The trauma of conversion therapy at heart of sensitive new film

The trauma of conversion therapy at heart of sensitive new film

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 Bisexual filmmaker Desiree Akhavan’s sophomore feature, “The Miseducation of Cameron Post,” is a sensitive adaptation of Emily M. Danforth’s celebrated novel about the title character (Chloë Grace Moretz) being sent to a gay conversion-therapy program called God’s Promise. After Cameron is caught making out with Coley (Quinn Shephard), her best friend from Bible study, her aunt Ruth (Kerry Butler) sends her away to “straighten” her out.

It is at God’s Promise where Cameron meets Reverend Rick (John Gallagher Jr.), an ex-gay instructor, and Dr. Lydia Marsh (Jennifer Ehle), the director of the program. Cameron also meets her roommate, Erin (Emily Skeggs), who hopes to help her down a righteous path, and two other “disciples,” as the administration calls the campers, Jane Fonda (openly gay Sasha Lane) and Adam (Forrest Goodluck), who are disillusioned by the “treatment” and befriend her.

As she assimilates to life at God’s Promise, Cameron reflects more on what the people who run the religious-conversion camp call her “gender confusion.” The film generates its dramatic tension out of Cameron’s efforts to be true to her desires — she fantasizes about kissing Bethany (Marin Ireland), one of her instructors — and survive the camp. That means doing an exercise in which she has to identify all the things that make her “queer” as a way to identify behavior that needs correcting.

The director, who co-wrote the script with Cecilia Frugiuele, wanted to make the film after reading the book. “I loved it,” she said about the novel in a recent phone interview, “I gave it to my girlfriend at the time, and she loved it, and said it would make a fantastic movie. I wrote a fan letter to the author. I thought it would make a great film, but I felt it was something I had to earn. I had not made my first film [2014’s ‘Appropriate Behavior’] yet.”

The screen adaptation focuses on the last 200 pages of the nearly 500-page novel, a decision Akhavan deliberately made.

“I wanted to find the kernel of excitement that made us want to adapt it,” she recalled. “What aspect did we want to translate? It was the tone — the balance of funny and witty and horrifying. So every change [from page to screen] was in service of maintaining that tone.”

The film, like the character of Adam, can sound sarcastic even while being genuine. “The Miseducation of Cameron Post” includes dream sequences, fantasy sequences, painful moments and exhilarating ones, such as Cameron belting out “What’s Up” by 4 Non Blondes in the kitchen of God’s Promise. (The film is set in 1993.)

There is also a very painful episode involving a disciple who experiences frustration and then later acts on it in a violent way. The physical damage resulting from this incident compounds the emotional abuse these teens experience at the camp.

Akhavan deftly captures what life is like for the film’s teenagers. “In an honest portrayal of a teen, the most horrible things can be funny, and funny things can be sad. That’s my view of the world. I wanted to present the facts and have it feel the way high school felt to me — that weird dance of tragedy and comedy, horror and absurdity. The circumstances are so ridiculous, they strike you as funny.”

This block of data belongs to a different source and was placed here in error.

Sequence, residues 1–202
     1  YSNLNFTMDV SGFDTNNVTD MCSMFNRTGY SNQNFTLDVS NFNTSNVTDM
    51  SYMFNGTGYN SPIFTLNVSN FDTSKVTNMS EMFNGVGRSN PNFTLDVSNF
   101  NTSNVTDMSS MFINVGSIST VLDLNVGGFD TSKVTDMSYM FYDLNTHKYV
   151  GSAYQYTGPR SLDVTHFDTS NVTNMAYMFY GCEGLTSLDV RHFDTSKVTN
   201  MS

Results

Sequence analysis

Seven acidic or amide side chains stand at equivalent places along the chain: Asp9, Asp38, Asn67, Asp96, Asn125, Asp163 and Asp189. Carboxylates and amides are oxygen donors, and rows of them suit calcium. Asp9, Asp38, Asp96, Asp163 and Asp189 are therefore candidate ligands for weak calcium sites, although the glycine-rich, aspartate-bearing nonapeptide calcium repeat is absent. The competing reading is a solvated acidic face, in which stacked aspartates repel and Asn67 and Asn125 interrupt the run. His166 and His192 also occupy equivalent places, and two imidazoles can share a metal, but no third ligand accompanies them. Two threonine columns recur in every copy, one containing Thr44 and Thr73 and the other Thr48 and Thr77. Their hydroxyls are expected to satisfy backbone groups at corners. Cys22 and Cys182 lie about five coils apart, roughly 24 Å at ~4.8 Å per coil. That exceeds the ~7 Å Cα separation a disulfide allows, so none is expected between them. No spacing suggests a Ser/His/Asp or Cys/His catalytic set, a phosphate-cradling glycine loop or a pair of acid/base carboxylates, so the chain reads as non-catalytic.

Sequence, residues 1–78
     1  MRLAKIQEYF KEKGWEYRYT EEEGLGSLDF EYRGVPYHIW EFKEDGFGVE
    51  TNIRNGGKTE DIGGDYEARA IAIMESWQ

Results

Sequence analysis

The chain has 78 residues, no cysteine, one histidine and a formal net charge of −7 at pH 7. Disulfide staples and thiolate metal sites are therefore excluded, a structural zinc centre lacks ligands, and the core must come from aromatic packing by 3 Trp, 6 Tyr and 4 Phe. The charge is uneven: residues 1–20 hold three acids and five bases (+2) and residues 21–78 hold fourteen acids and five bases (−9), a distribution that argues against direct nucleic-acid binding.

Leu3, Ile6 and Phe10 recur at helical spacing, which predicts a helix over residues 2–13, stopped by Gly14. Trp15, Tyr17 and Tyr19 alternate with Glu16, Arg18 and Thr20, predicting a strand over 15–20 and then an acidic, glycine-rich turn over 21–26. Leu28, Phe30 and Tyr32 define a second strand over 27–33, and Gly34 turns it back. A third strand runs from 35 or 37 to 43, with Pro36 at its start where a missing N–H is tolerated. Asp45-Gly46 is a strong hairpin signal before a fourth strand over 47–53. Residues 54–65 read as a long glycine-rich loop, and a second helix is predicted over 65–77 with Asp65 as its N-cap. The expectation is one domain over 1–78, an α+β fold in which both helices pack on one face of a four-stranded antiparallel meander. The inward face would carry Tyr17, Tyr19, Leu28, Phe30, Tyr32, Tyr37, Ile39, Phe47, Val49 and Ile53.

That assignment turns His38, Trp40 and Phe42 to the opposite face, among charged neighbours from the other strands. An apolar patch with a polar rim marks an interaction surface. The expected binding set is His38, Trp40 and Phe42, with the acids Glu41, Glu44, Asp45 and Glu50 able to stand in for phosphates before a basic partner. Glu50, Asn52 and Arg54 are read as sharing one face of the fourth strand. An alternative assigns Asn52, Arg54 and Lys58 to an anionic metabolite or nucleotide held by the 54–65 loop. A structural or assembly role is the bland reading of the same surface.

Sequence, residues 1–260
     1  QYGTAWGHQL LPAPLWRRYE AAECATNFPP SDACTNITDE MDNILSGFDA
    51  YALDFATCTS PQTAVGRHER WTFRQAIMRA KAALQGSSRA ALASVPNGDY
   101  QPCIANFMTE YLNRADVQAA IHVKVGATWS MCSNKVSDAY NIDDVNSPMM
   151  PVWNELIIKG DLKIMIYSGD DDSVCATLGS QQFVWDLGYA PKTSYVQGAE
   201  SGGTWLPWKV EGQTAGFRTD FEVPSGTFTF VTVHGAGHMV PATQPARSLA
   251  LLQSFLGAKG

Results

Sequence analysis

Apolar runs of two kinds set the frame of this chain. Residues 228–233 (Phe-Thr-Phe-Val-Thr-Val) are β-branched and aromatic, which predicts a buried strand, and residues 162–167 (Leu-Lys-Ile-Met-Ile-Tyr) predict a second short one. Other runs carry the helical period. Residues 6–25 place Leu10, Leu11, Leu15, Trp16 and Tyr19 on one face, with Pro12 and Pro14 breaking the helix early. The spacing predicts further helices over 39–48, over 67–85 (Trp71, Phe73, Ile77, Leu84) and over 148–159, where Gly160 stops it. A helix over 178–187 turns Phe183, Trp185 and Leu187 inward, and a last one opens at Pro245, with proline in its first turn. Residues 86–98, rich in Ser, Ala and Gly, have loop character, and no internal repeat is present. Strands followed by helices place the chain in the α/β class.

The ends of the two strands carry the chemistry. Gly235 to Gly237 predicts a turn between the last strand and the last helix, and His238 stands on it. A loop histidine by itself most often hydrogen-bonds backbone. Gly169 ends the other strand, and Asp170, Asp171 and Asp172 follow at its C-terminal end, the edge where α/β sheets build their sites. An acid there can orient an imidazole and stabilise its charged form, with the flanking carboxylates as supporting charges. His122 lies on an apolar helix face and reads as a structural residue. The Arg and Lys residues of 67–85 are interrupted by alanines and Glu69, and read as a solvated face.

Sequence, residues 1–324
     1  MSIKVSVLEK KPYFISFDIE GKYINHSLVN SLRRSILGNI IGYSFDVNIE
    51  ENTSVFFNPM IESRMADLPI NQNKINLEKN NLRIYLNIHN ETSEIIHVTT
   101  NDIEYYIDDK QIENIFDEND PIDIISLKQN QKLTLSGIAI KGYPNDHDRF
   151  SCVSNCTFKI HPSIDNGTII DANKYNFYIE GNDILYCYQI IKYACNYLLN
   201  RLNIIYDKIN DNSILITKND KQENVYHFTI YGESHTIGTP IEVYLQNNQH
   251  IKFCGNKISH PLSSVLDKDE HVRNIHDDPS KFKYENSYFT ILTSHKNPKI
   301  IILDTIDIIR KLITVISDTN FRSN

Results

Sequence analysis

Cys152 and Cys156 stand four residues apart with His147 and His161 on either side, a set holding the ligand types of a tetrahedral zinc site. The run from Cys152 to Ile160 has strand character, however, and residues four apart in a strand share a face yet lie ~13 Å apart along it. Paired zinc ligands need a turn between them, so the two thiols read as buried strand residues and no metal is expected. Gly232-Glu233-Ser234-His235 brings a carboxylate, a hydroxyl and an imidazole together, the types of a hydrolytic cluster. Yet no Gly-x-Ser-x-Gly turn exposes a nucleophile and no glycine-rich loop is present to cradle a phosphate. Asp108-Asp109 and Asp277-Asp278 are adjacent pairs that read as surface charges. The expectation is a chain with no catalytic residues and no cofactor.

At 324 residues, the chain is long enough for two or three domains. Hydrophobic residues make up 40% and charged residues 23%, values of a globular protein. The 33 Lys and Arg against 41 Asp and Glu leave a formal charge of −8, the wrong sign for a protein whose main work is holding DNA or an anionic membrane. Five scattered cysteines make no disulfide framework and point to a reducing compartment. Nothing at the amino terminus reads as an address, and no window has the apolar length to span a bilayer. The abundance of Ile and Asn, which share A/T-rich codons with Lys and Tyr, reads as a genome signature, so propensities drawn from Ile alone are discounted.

The title character wrestles with an internal conflict; She understands there is nothing “wrong” with her same-sex desires, but still questions those feelings. The director, who was raised in a traditional Iranian family, said she closely identifies with Cameron.

“I related to her feeling that she has a good sense [of self], and yet she is doubting herself. All signs pointed to her being in the wrong. I wanted to paint this character where you’re on her side, but not sure if she’s going to be protected from this place. Everyone around her is feeding her rhetoric that might seep into her. It makes her doubt everything she believes in.” 

“The Miseducation of Cameron Post” benefits from the authenticity of the characters and the dilemmas they face — even the adults, such as Reverend Rick and Dr. Marsh. Akhavan humanizes these characters, presenting the “converted” Rick as someone “living the [ex-gay] lifestyle,” while Lydia is devoted to the youth she counsels. These “villains” are not presented as caricatures, but the film does prompt viewers to consider what motivates the beliefs of “re-educators,” as well as parents who send their LGBT teens to gay-conversion therapy.

Viewers “should feel sympathy for Rick and Lydia — and identify with a perspective you never thought you could,” Akhavan said, adding she wants viewers to draw their own conclusions.

The filmmaker researched programs like the fictional God’s Promise and met with survivors of gay-conversion therapy, including Mathew Shurka from the #BornPerfect movement. “He is an advocate who is trying to make gay-conversion therapy illegal,” Akhavan said.

It was not until she started adapting the book that she saw it as “a metaphor for any experience where kids — gay or straight —were told they were diseased. As time passed, while we developed the film, it was weirdly relevant. The election happened, and it was horrifying to me that it was becoming a reality.”  

“The Miseducation of Cameron Post” opens Aug. 17 at the Landmark Ritz Five, 3904, 214 Walnut St.


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